The fight is pretty free-flowing. You can go with weapons if you want, or sneaky send enemies. There were some races where I reached the goal without firing a single bullet. It’s amazing, and the best part is that unlike Dishonored, there are no consequences based on how you tackle the game.

The battle in Deathloop can be as simple or as complex as you like, and that’s the beauty of the game and prevents it from feeling too repetitive every time.

Fantastic voice acting and music

A special shout out to the voice actors who dress in the role of Julianna and Colt. From the moment Colt wakes up on the beach for the first time, the voice acting just attracts you. There are few games where the protagonist’s voice is so spot on that it subconsciously draws you into the game, and this is definitely one of them.

As for the music, its 60s style feels retro and in line with the game’s visual theme. When you first get into battle, the high-octave music starts in, and you feel your blood pump either to clear the room of enemies or run for your life (based on the situation). There is even this signature sound that strikes when you achieve a goal.

The best thing is how to use the DualSense speaker. All your conversations with Juliana come from the controller speaker, and so do the voice recordings you pick up. It’s such a subtle touch, but one that has an immediate effect.

Unique multiplayer

As you probably know, you can control Julianna and infiltrate someone else’s game online and vice versa. There are quite a few times that a player-controlled Julianna came into my race and added a whole new challenge and distraction to the game. If you do not like this, you can always switch to playing offline. This does not prevent Julianna from invading your game, but other “more skilled” players will not be able to do so. This is not like what we’ve seen with games like Dark Souls. It has its own unique elements, and one I think fans of multiplayer shooters will definitely take to.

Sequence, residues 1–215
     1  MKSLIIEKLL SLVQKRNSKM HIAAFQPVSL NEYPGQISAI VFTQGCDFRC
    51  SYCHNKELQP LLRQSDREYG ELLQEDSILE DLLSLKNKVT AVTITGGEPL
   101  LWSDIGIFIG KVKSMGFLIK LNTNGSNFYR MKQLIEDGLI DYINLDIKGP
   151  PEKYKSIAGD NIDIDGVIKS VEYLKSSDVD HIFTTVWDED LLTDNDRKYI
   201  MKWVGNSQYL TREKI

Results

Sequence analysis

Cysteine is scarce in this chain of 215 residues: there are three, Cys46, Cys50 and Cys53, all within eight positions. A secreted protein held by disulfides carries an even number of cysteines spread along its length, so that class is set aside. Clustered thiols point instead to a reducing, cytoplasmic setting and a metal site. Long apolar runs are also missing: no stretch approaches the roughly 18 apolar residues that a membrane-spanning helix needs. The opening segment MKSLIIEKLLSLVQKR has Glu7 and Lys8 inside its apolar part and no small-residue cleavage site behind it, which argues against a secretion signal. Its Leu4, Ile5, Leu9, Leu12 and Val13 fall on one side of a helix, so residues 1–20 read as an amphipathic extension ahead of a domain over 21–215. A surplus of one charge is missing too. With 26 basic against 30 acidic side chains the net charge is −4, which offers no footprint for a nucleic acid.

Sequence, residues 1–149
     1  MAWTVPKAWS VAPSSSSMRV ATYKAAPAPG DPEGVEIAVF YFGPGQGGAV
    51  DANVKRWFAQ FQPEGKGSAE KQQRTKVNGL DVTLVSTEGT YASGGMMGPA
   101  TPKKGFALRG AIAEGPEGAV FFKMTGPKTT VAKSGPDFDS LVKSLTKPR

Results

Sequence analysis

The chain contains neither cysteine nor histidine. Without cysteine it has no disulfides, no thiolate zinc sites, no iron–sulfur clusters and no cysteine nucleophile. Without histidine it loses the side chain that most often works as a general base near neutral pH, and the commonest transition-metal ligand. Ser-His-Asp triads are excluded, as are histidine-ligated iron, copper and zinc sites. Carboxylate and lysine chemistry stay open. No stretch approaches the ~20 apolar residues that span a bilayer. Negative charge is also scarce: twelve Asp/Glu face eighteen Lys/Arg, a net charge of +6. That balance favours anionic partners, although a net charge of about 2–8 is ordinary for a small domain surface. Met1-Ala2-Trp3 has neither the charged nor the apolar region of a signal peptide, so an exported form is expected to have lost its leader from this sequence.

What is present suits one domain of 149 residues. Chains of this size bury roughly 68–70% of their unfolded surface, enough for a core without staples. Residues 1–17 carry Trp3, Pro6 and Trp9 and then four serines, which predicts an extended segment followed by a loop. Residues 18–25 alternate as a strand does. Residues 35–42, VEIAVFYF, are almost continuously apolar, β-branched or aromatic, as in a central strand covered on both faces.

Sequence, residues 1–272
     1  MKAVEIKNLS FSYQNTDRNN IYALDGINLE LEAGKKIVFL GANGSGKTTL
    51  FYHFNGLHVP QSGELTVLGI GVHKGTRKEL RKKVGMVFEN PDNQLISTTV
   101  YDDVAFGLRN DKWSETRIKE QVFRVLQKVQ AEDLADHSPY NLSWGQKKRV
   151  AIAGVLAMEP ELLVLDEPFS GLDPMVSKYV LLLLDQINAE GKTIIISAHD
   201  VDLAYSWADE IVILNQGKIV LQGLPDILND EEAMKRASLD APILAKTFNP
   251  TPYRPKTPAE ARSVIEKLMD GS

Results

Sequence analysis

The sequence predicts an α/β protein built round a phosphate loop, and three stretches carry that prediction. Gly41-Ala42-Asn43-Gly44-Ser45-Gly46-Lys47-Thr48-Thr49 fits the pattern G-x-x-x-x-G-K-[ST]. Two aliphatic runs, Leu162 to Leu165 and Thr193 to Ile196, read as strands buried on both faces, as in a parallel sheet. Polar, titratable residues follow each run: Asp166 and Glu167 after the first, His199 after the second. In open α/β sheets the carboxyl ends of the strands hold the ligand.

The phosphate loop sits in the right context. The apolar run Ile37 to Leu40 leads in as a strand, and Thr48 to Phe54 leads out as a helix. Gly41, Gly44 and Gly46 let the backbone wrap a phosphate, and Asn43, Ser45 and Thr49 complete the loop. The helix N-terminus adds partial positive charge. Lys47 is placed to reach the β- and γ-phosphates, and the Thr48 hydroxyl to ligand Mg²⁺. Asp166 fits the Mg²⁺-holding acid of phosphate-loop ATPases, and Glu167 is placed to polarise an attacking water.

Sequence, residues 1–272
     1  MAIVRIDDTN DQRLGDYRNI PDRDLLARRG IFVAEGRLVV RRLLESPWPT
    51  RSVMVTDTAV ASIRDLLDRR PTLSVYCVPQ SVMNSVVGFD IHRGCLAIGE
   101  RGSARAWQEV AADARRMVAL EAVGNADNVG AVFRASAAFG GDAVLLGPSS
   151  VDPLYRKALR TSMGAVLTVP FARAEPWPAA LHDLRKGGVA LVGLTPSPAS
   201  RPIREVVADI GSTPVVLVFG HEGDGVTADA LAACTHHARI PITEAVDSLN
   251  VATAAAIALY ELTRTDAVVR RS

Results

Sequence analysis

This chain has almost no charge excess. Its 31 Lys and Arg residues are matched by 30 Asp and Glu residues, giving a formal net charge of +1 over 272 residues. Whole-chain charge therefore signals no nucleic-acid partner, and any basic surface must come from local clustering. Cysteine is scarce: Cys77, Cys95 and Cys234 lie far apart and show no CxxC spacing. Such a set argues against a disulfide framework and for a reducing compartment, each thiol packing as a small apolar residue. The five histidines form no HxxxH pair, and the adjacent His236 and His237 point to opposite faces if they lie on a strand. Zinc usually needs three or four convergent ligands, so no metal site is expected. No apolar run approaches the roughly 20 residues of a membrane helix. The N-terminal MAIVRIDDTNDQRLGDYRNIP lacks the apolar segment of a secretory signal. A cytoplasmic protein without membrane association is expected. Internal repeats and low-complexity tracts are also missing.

Fantastic pictures and unique environments

Your time on Blackreef Island is spent exploring 4 parts of the island, and you can visit each part of the island at a different time of day – morning, noon, afternoon and evening. Each area has a different visual aesthetic, enemy location, shortcuts, etc. at each time of day and adds not only visual differences but also gameplay variations. Needless to say, the game’s graphics look great, and playing in performance mode at 60FPS is a pleasure on the PS5.